'Vermelho como Brasil [As Red as Brazil]' is a commissioned work for the biennial exhibition 37th Panorama of Brazilian Art at MAM São Paulo, named "Under the Ashes, Embers". The piece, a fabric installation, made with brazilwood, the tree that gives Brazil its name (and a colonial good).
“Red* marginals will be banished from our homeland.” - Brazilian Presidential Candidate Jair Bolsonaro on the campaign trail in 2018 (*Red here refers leftist/communism, but more broadly refers anyone with liberal thoughts that oppose his far right politics)
As an act of both grieving and remembering, “Vermelho como Brasil [As Red as Brazil]” is a series of fabric dye drawings made in the aftermath of Jair Bolsonaro’s inauguration in 2019. Brazil is named for a tree, the “brazilwood.” This ancient, monumental tree was a commodity valued for its red pigment and logged to near extinction in colonial times. The word Brazil relates directly to the color Red, the same one the president-elected pledged to banish.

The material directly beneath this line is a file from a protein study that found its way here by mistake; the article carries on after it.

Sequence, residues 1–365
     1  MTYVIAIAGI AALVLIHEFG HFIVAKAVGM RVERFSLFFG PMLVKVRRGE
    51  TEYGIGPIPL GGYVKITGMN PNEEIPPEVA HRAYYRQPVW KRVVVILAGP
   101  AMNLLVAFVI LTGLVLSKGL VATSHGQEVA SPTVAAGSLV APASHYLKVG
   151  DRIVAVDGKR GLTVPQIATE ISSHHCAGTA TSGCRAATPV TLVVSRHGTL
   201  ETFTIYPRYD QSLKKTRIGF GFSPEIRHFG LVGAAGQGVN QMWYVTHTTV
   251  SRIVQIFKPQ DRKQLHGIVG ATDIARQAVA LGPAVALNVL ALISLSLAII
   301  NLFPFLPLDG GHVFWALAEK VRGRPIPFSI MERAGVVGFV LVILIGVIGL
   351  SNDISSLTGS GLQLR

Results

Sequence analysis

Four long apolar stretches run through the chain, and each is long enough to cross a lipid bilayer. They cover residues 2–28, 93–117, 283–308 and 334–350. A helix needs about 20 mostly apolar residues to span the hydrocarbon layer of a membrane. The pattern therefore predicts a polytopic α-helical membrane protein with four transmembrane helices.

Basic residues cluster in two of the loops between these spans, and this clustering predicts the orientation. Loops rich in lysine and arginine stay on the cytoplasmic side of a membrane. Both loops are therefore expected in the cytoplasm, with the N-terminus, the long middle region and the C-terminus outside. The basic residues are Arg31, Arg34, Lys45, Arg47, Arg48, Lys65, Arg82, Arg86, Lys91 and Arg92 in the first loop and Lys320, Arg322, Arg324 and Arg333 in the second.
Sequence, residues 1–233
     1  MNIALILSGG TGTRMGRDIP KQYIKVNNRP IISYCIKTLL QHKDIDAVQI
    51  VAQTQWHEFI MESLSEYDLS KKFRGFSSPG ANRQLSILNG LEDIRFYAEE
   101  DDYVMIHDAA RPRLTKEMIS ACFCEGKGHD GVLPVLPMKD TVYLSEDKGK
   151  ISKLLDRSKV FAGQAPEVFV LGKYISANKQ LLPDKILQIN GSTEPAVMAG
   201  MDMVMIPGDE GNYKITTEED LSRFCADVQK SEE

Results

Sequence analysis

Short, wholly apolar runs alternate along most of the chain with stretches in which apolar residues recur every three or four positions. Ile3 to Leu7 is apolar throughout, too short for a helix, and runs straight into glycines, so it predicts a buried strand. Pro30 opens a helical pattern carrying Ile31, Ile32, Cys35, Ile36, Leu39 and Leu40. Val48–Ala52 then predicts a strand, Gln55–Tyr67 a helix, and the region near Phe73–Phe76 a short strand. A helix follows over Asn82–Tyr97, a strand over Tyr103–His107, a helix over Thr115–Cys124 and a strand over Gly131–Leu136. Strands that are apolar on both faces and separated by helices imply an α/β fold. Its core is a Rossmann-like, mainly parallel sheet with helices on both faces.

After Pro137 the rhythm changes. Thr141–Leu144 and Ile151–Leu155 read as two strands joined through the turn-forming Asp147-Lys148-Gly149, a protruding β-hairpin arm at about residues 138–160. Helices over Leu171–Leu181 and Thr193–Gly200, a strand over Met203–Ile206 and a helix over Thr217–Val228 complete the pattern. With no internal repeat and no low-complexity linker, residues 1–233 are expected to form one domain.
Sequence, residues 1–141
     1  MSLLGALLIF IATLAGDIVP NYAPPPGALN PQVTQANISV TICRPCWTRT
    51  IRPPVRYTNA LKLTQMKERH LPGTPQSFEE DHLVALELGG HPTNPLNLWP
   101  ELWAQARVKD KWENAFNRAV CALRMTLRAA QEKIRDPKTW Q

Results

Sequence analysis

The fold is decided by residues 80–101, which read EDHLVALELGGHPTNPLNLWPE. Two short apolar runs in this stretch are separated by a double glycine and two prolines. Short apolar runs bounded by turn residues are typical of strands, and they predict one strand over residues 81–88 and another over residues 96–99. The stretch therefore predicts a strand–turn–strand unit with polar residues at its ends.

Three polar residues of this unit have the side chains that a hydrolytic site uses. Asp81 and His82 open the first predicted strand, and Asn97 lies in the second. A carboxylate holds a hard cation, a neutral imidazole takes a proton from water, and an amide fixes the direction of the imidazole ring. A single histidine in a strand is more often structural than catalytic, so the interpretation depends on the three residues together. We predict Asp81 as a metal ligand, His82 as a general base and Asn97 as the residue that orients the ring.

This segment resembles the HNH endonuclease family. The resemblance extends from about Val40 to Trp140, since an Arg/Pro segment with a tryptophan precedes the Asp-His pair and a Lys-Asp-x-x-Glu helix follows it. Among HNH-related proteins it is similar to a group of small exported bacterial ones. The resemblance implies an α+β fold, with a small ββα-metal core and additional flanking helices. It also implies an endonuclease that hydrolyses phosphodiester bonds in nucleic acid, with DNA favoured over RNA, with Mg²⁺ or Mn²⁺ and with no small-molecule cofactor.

As a slowgrowth tree, that almost went extinct due to its extraction (by europeans that wanted the valuable red for their royal robes and paintings), brazilwood is a tree that encapsulate many lessons. During the pandemic the biggest brazilwood tree alive was founded in one of self-organized settlement in the so-called ‘discovery coast’ (where the Portuguese first landed in Brazil), aging around 600 years. The piece for Panorama das Artes has the same diameter of this ancient tree and invite the visitors of the museum to be part of this force, entering the tree and being in touch with this color (so rare for us to have the opportunity to relate to, as Brazilians).
The show opened in 2022, a few months before Bolsonaro lost his 2nd trial for presidential elections.
+ More about [in portuguese]: https://youtu.be/_LSBQWUbQXc